Are snow accumulation forecasts generally overdone?
Bruce Rose, The Weather Channel, Atlanta, GA; and J. Koval and E. Floehr
Amongst weather forecasters in the public and commercial domains, there is anecdotal evidence that short-term weather predictions (6-48 hours ahead) of snowfall accumulation are generally overdone or overpredicted in amount and incidence. Moreover, it is thought these biased predictions are evident across the entire winter season, and occur irrespective of snowfall intensity or amount, geographic region, or forecast provider. Yet there is little or no published documentation of this phenomenon to be found in the literature. While there may be some precautionary or preparedness value in providing worse-case scenarios in winter storm prediction, a persistent or large bias of day to day snowfall prediction would seem less than optimal in serving typical consumers of weather information. Consistently biased or dire snowfall predictions can lead to the same negative consequences associated with other forecasts that exhibit high false-alarms and/or low confirmation; thus, the perceived problem is one worthy of closer study.
Therefore, we propose to compare snowfall forecasts for first-order stations (those providing at least once-per-day manual snowfall amount measurements) across the Conterminous United States and Alaska (about 200 stations) against observations for the upcoming winter season, here defined as November 1, 2009 through March 31, 2010. Each morning during this timeframe we will extract consecutive 6-hour duration snowfall and melted quantitative precipitation (QPF) forecasts through the upcoming 48 hours, from The Weather Channel's Global Forecast Center digital forecast feed (TWC), the National Weather Service's National Digital Forecast Database (NDFD), and the National Center for Environmental Prediction (NCEP) operational NAM/WRF forecasting model. These three realtime forecasts will be published onto a publically-available data service such as Google base™ and the individual observations or verifications will later be amended to that same published record - once ground truth can be collected, quality-controlled and compared to the predictions.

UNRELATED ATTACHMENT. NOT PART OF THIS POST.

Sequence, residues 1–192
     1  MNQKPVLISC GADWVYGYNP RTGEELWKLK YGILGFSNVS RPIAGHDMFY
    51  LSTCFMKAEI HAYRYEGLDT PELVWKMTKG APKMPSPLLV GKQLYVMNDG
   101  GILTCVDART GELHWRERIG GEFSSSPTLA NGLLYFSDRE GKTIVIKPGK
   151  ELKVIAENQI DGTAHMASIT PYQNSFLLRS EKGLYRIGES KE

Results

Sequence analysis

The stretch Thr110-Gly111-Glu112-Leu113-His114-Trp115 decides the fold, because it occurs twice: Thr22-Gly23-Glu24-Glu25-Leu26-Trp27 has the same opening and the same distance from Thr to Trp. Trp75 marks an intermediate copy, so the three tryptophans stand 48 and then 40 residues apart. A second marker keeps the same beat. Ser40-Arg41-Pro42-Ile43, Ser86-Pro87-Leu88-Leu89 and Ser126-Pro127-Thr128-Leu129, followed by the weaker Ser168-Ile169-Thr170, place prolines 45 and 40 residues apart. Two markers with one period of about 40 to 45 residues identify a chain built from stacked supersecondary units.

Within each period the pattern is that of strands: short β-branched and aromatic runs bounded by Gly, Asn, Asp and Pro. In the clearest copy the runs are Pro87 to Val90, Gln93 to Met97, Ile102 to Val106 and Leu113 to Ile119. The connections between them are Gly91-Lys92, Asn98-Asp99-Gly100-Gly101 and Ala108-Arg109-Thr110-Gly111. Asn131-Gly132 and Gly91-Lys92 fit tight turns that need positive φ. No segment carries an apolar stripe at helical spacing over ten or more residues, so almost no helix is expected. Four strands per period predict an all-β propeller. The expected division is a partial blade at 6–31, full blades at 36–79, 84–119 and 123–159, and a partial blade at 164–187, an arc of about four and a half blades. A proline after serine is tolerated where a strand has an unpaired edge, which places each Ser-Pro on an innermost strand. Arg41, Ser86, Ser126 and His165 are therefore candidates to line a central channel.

This seasonal study should present an interesting comparison of basic skill in snowfall (and QPF) prediction amongst the three forecasts, as well as lending objective insight to support or contradict the assertion that broadly available weather forecasts in the public domain (TWC, NAM/WRF and NDFD) tend to overpredict snowfall. It will also be instructive to know if NAM/WRF output contains a positive snowfall or QPF bias that might influence the human-prepared forecasts - which rely partially on guidance supplied by that same model.
Because of the timing of this contemporary work, only partial results can be presented. However, the complete methodology of the season-long study, along with details of the on-line aspects of the data management will be fully described.
Extended Abstract (1.9M)
Supplementary URL: http://snow.forecastwatch.com
Session 4, Applications in Meteorology, Oceanography, Hydrology and Climatology Part I
Tuesday, 19 January 2010, 8:30 AM-9:45 AM, B217
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